The fastest animals on Earth

What’s the fastest animal on Earth? Depends on how you specify speed. By easy miles per hour, traditional megafauna like cheetahs control the leaderboard. However if we determine speed by the body lengths an animal takes a trip per second, those fast felines have some competitors. This race of percentages enables competitors from all kingdoms to choose gold. Here’s how a cross-section of animals accomplishes leading speeds.

1. Typical squid

Jet propulsion
This cephalopod shoots through the ocean like a tentacled jet. It draws water into a chamber in its 8-inch-long cone-shaped body, then contracts its muscles to press the liquid through a narrow ­funnel-​shaped organ near its head. The circulation blasts in one instructions, releasing the adult squid’s gelatinous kind the opposite method at 10 body lengths per second.

2. Cheetah

Speeding spinal columns
Famous for large giddyup, these spotted felines’ versatile spinal columns offer their limbs a large range of movement. The stretch optimizes stride and enables velocity from absolutely no to 60 miles per hour in 3 seconds. Hind legs thick with fast-twitch ­fibers—​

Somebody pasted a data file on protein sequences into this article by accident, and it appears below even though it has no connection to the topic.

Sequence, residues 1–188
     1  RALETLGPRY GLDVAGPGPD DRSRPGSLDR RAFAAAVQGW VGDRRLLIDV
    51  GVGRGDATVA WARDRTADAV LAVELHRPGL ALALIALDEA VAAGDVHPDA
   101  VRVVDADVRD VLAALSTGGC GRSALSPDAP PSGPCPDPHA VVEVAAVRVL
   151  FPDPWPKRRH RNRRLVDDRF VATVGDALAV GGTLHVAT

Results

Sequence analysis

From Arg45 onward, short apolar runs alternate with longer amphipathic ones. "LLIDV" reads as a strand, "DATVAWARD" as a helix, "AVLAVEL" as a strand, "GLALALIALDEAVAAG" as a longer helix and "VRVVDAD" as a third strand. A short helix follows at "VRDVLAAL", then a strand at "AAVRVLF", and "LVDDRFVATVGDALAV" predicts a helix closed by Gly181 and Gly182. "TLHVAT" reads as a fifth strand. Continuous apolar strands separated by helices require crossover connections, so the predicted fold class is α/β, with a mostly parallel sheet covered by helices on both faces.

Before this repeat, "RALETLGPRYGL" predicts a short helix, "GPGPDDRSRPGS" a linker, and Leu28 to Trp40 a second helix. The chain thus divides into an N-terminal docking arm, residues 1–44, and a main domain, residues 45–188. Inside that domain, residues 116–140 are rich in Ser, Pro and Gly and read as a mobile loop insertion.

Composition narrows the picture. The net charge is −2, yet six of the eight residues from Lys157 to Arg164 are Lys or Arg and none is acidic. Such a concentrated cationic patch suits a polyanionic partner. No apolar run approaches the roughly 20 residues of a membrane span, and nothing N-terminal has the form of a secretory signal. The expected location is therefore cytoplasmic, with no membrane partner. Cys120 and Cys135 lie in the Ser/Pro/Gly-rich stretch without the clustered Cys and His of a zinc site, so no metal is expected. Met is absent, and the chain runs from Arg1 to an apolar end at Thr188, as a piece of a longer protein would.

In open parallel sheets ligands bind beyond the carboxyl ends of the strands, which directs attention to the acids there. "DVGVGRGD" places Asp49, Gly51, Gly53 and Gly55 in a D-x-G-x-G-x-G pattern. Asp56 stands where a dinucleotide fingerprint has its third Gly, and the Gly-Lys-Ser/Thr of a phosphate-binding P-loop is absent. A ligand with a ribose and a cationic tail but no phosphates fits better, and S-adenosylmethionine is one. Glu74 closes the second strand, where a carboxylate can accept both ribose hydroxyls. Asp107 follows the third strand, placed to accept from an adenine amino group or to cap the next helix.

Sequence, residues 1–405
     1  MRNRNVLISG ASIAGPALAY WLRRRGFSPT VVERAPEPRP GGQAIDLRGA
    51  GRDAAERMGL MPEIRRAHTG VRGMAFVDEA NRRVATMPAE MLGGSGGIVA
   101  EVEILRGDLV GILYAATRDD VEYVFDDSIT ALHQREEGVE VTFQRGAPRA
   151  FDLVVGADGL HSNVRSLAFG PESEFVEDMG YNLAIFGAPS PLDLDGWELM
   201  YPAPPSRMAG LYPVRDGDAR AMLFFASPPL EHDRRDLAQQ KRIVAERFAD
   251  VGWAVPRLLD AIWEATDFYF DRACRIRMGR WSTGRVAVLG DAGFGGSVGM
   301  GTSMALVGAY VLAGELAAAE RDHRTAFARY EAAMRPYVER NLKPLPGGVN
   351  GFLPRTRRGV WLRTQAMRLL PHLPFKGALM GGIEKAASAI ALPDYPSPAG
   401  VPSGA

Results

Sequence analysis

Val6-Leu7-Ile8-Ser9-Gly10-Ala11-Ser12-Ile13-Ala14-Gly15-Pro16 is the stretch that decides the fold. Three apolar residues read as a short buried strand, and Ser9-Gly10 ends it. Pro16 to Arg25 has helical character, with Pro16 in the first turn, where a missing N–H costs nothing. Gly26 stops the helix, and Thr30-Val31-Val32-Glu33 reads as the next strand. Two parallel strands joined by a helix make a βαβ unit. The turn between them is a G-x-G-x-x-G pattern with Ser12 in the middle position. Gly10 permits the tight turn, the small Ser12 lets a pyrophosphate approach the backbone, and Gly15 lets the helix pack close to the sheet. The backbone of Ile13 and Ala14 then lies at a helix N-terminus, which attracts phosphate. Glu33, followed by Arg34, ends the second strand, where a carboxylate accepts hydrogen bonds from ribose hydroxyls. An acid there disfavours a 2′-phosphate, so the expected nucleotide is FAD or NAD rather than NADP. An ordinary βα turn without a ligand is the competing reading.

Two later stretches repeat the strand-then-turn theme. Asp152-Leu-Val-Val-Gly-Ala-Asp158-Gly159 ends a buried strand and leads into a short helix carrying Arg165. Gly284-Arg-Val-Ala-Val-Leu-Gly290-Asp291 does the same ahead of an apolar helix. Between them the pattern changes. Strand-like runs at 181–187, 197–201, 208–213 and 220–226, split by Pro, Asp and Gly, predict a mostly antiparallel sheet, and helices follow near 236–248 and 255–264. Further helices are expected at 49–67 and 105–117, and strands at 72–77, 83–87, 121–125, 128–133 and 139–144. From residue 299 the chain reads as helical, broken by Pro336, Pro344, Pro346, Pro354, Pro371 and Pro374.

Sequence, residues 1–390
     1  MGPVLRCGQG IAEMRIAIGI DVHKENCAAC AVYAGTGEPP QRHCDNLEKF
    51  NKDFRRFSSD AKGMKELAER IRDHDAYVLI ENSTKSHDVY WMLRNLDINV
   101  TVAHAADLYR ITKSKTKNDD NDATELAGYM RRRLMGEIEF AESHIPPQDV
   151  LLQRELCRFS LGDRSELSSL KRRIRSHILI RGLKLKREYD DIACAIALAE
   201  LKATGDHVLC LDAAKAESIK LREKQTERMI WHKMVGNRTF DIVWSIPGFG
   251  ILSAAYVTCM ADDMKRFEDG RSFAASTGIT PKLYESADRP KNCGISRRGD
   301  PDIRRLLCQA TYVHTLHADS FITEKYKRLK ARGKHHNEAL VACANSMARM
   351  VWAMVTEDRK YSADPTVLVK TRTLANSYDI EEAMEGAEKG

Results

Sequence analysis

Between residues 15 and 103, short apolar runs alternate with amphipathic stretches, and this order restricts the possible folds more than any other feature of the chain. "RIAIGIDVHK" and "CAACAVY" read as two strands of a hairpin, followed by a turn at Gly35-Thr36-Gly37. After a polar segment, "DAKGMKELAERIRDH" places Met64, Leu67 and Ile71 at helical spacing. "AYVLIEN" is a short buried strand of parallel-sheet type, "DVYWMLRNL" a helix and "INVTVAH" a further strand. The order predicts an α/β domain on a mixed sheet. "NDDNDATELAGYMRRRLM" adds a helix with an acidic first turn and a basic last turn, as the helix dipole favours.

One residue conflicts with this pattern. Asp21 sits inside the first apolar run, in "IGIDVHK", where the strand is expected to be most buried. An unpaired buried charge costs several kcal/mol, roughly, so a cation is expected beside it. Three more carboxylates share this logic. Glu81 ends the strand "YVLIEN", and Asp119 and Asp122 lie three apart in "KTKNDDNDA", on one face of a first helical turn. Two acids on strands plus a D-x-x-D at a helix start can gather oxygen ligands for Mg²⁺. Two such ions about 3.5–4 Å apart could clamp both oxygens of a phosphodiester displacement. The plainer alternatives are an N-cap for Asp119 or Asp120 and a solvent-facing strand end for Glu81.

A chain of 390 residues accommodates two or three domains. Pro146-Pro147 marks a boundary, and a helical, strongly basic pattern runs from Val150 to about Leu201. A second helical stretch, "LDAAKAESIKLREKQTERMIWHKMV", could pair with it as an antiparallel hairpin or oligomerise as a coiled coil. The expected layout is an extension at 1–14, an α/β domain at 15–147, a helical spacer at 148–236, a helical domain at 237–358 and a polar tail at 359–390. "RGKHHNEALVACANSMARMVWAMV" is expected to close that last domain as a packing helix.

an effective kind of ­muscle—​­make it possible for 70 miles per hour bursts. However consider body size, and they fall back: 23 lengths per second.


Dive for love
Hummingbirds pump their wings in a figure 8 so rapidly that human beings see just a blur. To impress the girls, 4-inch-long male Anna’s hummingbirds speed up faster than any other vertebrate relative to body size—consisting of fighter pilots. Suitors fly at 385 body lengths per 2nd throughout their popular courtship dive, all powered by outsize pecs.


Mighty legs
Where there is water, there are ­copepods serenely drifting. In times of crisis, the ­torpedo-​­shaped 1-millimeter shellfishes can speed up to 500 body lengths per second. 2 sort of limbs—some vibrating oars for swimming and some more powerful legs for leaping—permit the animal to blast over 20 inches, best for getting away a fish’s open jaws.

This short article was initially released in the Spring 2019 Transport concern of Popular Science.

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